Is this the time to receive money and clothing, olive groves and vineyards, sheep and cattle, and male and female servants? (v.26).
I leafed through the book, Can’t Be Bought (not the real title). The book told the challenging story of a megachurch pastor who realized he had built his ministry on marketing strategies rather than on Christ’s call. He decided he would no longer cater to the crowd but instead preach the cost of discipleship and let the chips fall where they may. Sadly, the book isn’t good. And on the last page, the publisher—apparently hoping to cash-in on the success of the book—offered T-shirts emblazoned with that catch phrase, Can’t Be Bought.
I shook my head at the cynicism behind such a ploy. How could they attempt to profit from the very marketing gimmicks the book warned against? Was there no shame?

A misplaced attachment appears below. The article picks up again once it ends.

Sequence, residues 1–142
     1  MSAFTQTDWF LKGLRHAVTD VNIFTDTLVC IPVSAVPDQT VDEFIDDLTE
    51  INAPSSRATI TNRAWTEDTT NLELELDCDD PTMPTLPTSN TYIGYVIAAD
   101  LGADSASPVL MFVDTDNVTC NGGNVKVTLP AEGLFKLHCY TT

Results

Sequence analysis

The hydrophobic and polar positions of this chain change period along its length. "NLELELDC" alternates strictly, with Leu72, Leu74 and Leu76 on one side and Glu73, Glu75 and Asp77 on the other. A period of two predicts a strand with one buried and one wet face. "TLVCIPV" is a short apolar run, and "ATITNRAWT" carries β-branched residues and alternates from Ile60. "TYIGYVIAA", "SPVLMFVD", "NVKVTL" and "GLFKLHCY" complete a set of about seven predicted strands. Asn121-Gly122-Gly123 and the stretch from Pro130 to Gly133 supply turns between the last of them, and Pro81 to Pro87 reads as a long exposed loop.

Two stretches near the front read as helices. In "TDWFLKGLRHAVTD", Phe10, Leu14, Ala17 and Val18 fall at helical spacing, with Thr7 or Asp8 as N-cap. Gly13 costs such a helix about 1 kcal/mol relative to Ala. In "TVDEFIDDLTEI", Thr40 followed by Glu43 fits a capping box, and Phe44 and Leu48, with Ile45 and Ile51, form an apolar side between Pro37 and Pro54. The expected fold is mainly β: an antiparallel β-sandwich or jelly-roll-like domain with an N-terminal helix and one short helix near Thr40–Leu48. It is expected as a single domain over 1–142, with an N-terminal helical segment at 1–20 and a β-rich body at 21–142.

I was wallowing in my self-righteous indignation when I realized that my motives aren’t entirely pure either. I enjoy helping others grow closer to God, but I’m often driven, at least in part, by what I get out of the transaction. I like being liked, and so I like it when others say they like what I’ve shared. If I’m not careful, I can use the gospel as a thinly veiled vehicle to stroke my own ego. If I were more popular, would I be tempted to offer T-shirts with my catch phrase?
In 2 Kings 5, Gehazi saw Naaman’s healing as a chance to cash in. “My master should not have let this Aramean get away without accepting any of his gifts,” he said. “I will chase after him and get something from him” (v.20). Elisha told Gehazi that because he had used his ministry for selfish gain, Naaman’s leprosy would be transferred to him. We should take this insightful story to heart.
Jesus gave His life for you. Don’t use His sacrifice to promote yourself.
Read 2 Corinthians 11:1 to learn how Paul chose not to profit from preaching the gospel.
How can you tell when your motives are pure? What should you do when you discover impure motives?